The Benoni Defense (arises after the moves 1.d4 Nf6 2.c4 c5 3.d5 e6 4.Nc3 ed 5.cd5 d6 6.e4 g6) is one of the most attractive options to play as black for those players looking for a sharp game.
Historically, world champions have employed this defense with great success; most notorious were Bobby Fischer and Mikhail Tal. Other notable Grandmasters that played this mystic defense quite often were Bronstein, Savon, Suba, Mecking, Psakhis, Marin, Topalov and let us never forget Vugar Gashimov who brought it back into modern high level with reasonable results.
The asymmetric pawn structure, the active disposition of the pieces, the queenside majority are the ingredients that black has to guarantee a fighting game. Very rarely the games from this opening vanish into peaceful battles, both sides are obliged to prove their worth; white stands better in principle (more space) and black has the duty of proving his counterplay.
In this article, we are going to have a close look at a common idea that arises in the typical Benoni structure: the c5-c4 push. It is a useful resource that in spite of having been played hundreds of times, still gives a hard time identifying when is a good moment to lose the c5 pawn to the Benoni newbies.
First, let us take note of the possible goals we can achieve when we begin considering this thematic advance.
These are the most common reasons for black to think about the pawn thrust. It is worth knowing that sometimes c5-c4 can be played as a sacrifice, one of the three goals mentioned above can easily compensate the minimum material deficit.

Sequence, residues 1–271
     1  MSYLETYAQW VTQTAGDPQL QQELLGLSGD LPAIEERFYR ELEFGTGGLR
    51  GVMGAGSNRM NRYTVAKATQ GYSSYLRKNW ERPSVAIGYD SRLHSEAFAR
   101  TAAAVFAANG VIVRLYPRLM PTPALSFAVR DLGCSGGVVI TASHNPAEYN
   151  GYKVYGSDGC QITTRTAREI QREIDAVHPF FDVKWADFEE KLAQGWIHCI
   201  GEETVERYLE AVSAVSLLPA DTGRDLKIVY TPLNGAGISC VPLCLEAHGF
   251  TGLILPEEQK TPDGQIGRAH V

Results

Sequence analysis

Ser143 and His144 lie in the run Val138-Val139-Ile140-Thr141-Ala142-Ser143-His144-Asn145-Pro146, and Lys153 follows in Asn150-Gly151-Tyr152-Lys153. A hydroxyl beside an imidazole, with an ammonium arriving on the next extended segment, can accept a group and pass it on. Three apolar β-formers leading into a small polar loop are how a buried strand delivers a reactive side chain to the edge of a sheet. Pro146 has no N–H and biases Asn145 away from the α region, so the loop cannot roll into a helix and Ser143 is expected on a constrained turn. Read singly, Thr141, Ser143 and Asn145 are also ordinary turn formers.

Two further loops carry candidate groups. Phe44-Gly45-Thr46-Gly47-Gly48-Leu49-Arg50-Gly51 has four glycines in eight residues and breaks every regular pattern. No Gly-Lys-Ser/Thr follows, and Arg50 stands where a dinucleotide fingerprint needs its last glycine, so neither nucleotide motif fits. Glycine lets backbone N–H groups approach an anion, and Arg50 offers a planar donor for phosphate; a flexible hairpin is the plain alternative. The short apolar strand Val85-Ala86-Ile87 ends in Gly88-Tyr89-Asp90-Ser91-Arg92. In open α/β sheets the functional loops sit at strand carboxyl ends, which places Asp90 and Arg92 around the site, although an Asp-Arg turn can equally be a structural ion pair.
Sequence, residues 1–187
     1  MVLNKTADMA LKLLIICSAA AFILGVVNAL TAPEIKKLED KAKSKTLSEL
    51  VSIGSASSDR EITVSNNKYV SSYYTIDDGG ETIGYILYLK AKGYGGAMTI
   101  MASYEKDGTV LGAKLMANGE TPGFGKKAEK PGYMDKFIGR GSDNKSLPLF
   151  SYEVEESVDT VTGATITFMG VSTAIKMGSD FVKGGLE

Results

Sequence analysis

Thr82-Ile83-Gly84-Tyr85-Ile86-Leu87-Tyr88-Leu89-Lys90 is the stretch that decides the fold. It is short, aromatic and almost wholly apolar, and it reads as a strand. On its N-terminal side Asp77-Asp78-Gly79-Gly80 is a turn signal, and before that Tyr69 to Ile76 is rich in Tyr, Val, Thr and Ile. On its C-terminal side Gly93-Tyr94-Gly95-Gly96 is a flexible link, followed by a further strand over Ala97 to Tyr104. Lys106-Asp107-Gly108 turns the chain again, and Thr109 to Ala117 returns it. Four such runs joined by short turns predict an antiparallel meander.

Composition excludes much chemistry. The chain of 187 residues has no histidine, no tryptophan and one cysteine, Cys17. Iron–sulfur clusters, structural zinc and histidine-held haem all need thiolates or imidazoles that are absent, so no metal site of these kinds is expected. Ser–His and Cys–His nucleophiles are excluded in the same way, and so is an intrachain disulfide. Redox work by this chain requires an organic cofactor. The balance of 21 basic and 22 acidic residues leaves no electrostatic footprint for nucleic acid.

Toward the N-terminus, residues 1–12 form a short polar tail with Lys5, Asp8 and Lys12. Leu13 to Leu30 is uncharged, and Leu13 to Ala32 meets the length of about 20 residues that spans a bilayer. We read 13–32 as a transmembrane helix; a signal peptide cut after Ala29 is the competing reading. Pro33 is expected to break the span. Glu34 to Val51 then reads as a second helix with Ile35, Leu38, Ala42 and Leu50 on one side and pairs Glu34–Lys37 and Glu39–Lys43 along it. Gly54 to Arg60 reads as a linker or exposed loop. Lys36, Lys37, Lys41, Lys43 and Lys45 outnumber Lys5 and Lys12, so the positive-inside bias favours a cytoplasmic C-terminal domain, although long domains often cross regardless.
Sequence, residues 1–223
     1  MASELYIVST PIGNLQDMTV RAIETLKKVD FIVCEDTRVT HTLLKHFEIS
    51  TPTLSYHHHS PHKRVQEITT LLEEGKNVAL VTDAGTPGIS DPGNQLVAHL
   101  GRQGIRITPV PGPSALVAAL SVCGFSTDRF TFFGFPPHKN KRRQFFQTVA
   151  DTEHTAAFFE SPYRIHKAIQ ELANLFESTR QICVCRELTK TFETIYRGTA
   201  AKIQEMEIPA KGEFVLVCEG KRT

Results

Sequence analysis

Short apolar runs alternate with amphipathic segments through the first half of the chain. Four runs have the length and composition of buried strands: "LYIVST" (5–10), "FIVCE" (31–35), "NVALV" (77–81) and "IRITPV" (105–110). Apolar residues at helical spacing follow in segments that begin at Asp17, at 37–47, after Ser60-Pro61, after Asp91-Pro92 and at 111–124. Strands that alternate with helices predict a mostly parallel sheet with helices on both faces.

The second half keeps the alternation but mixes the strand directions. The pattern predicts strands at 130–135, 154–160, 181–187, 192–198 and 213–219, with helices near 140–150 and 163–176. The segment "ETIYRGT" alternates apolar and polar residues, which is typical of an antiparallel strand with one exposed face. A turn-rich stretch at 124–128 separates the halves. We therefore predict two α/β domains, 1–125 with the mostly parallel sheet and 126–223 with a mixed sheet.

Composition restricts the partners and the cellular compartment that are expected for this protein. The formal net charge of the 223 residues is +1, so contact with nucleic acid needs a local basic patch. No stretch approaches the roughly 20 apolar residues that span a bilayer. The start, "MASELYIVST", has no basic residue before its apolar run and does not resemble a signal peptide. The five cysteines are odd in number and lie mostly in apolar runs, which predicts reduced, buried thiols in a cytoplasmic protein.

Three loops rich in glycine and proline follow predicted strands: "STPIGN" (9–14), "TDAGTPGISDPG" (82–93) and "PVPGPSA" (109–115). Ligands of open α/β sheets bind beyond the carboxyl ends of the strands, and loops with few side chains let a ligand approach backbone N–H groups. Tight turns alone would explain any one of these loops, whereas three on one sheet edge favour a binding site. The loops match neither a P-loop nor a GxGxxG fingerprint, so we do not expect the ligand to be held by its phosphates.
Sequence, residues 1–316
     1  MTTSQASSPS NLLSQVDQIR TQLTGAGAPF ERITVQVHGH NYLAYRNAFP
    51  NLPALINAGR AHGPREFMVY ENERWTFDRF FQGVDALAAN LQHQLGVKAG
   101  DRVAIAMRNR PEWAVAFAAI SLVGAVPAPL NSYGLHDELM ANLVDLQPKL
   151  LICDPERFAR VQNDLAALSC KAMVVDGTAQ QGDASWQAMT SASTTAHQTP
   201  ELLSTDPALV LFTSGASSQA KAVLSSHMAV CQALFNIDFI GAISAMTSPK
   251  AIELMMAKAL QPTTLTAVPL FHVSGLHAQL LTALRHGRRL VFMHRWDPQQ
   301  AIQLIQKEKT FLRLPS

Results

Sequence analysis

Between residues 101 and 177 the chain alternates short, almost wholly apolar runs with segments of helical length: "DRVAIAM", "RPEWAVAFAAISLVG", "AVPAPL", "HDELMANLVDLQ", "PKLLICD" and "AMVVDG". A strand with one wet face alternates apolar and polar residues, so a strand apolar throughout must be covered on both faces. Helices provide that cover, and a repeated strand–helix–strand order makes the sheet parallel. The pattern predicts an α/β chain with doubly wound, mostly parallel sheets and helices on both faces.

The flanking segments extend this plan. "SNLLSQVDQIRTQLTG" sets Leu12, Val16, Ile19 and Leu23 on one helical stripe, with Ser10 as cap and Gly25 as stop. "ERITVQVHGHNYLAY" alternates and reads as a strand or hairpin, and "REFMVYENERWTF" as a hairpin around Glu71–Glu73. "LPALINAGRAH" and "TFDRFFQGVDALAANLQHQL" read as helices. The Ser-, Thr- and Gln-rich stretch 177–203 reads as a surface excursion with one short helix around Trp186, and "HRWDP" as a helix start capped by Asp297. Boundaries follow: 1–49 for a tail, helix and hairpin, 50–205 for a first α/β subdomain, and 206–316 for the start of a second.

After explaining the main concept, it is time to check some examples. As usual, we advise you to think about the positions given below and then play through the moves.
Moiseev, O –Tolush, A URS 1952
Black to Play
Black’s position is beautiful. He has good prospects with several moves. However, he found a direct way to cause white practical problems to solve. What would you do?
See what happened here:
Stahlberg,G – Spassky,B Interzonal 1955
Black to Play
One of the most often seen scenarios in the Benoni is positions like the one in the diagram above. Black shows a way to handle it by taking control of the b3 square after the c5-c4 push. It is important to note that white is not without resources and it is explained in the notes to the game:
Wexler,B – Bronstein,D Mar del Plata 1960
Black to Play
The diagram above is one of the most instructive positions on the subject. It shows both perspectives of the battle in the Benoni. White aggressively tries to grab more space and aims to push e4-e5 after which the bishops will be active or at least the D pawn will become dangerous.
Black, on the other hand, seems to have the square e5 under control; all the pieces occupy active positions and is ready to start advancing the queenside pawns. We can say we have a balanced situation. Nevertheless, white didn’t manage this position precisely well and lost quite soon. See the details here
We hope you have enjoyed reading this article on the Benoni and learned well the thematic idea of c5-c4. In many situations it is not only a useful move but it may also be the only resource to create counterplay as black. Thank you for reading and feel free to share and comment.